Spain passes measures to control Catalonia finances

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The central government has also started proceedings against the 712 of Catalonia's 948 mayors who have offered the use of public spaces in their towns as voting stations.

In a boost for the credibility of the referendum, the mayor of Barcelona said earlier on Thursday that the vote would go ahead in the city, having previously expressed concern that civil servants involved may lose their jobs.

Finance Minister Cristóbal Montoro said a mechanism had been approved for the state to take control of the autonomous region's finances.

Meanwhile, Spain's finance minister has said the central government has made a decision to take over payments of essential services in Catalonia.

Speaking to Telecinco private channel, the vice president of the Spanish Government, Soraya Saenz de Santamaria, recalled that all acts in the October 1 controversial secessionist consultation are banned by Spanish justice.

He said the arrangement implied "political control that is not related to the objectives of budget stability or to the purposes of state legislation in this matter".

Catalonia, an industrial region with a strong export sector and a thriving tourist destination, produces about a fifth of the country's total economic output but complains it receives a lot less back. Once again this week, Rajoy has rejected sanctioning a self-determination vote, telling reporters "there cannot be a referendum and it would be an absolutely illegal act".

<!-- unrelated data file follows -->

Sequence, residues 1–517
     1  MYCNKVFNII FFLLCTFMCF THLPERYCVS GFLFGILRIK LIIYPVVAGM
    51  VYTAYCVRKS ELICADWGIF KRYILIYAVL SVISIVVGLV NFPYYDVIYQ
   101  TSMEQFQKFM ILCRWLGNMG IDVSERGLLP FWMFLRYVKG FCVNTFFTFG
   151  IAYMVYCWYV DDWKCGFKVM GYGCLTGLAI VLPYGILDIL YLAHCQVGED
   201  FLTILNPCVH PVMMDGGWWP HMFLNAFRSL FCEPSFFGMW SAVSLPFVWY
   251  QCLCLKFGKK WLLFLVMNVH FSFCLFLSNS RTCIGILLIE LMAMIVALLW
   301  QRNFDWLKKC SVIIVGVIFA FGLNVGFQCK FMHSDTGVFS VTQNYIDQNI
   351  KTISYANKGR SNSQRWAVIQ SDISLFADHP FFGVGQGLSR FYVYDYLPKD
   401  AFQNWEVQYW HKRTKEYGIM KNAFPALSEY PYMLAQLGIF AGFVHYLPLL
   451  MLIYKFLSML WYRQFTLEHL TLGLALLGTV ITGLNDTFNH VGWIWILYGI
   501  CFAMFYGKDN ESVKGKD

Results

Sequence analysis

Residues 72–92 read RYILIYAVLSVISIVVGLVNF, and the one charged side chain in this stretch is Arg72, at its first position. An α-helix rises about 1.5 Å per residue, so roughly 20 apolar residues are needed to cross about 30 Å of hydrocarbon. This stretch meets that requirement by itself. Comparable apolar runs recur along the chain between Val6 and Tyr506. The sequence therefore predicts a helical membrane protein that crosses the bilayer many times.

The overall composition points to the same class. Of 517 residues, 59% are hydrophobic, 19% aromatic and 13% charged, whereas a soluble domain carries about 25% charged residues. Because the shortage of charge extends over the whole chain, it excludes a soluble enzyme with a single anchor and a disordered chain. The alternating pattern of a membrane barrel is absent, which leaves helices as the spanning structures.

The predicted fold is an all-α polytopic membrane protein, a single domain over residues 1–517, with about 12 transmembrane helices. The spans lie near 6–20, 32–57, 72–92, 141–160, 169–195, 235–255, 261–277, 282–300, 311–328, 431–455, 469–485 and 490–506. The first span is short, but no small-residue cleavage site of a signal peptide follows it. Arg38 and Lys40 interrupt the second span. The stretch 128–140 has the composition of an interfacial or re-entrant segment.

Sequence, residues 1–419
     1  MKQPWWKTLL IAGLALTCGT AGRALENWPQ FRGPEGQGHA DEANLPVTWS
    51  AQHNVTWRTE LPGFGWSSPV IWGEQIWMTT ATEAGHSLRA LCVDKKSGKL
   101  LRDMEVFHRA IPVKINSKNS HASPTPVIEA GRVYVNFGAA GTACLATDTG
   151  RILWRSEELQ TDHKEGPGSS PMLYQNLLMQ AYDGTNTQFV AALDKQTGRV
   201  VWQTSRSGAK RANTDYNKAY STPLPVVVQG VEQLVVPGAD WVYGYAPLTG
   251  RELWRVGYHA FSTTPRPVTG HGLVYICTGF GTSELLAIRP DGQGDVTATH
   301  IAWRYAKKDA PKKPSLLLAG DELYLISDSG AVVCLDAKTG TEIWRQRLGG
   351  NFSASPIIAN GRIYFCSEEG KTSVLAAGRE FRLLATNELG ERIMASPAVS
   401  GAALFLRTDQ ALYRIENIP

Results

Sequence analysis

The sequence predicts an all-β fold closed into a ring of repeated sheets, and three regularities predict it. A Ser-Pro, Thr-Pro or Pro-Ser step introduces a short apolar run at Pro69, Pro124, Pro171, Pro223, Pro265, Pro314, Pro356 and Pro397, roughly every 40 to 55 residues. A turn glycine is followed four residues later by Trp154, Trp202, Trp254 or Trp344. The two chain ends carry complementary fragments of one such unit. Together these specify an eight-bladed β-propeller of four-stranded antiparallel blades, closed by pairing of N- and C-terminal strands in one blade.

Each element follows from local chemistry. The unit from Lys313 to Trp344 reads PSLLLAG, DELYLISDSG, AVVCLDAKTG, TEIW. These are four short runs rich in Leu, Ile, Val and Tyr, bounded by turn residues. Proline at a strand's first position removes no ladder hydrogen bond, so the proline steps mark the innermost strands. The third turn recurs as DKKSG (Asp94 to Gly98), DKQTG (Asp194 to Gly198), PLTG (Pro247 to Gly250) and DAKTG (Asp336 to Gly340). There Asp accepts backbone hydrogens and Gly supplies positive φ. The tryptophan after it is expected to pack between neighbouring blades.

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"Right now, we have no idea where they are", he said.

Jose Manuel Maza said that any of the municipal leaders who agreed to help stage next month's vote should be arrested if they fail to appear.

The letter asks for a "political dialogue to be opened, based on the legitimacy that each of us represents, to make something possible that in a democracy is never a problem, and much less a crime: listening to the voice of the people".

Two new laws passed by the Catalan assembly paving the way for the vote have been suspended while state judges consider whether holding it would breach Spain's constitution, which says the country is indivisible.

The signatories also accused the Spanish administration, lead by Mr Rajoy of having gone "on the offensive with unprecedented repression".

Anti-secession sentiment is being supported at the EU level as well, with European Union officials warning that even if Catalonia did successfully secede, it wouldn't mean they'd become members of the European Union.

Although polls show less than half of Catalonia's 5.5 million voters want self-rule, most in the wealthy northeastern region want the chance to vote on the issue, causing unease that is beginning to be felt in financial markets.